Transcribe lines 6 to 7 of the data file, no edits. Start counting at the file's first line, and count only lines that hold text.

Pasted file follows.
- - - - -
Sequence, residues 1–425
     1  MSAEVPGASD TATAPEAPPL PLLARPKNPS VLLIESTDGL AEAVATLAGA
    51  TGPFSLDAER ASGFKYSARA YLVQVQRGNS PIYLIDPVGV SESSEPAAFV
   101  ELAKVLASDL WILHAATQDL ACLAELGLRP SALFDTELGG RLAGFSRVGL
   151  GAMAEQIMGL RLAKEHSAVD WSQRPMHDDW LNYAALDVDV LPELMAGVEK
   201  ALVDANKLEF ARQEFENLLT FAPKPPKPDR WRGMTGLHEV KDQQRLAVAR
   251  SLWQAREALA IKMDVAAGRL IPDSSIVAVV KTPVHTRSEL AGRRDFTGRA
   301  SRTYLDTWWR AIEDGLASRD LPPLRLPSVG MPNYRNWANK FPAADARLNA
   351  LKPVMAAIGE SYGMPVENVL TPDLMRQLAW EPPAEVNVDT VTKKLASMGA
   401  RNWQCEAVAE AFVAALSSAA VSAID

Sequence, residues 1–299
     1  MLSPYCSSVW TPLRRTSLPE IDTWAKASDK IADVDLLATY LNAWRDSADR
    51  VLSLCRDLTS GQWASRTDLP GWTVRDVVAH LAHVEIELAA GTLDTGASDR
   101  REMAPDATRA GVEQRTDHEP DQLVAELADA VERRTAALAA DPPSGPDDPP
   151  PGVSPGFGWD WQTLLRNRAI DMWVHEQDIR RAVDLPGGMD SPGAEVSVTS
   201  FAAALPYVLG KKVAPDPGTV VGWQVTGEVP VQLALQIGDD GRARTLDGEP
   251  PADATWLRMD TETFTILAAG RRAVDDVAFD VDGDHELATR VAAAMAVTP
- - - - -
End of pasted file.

   201  ALVDANKLEF ARQEFENLLT FAPKPPKPDR WRGMTGLHEV KDQQRLAVAR
   251  SLWQAREALA IKMDVAAGRL IPDSSIVAVV KTPVHTRSEL AGRRDFTGRA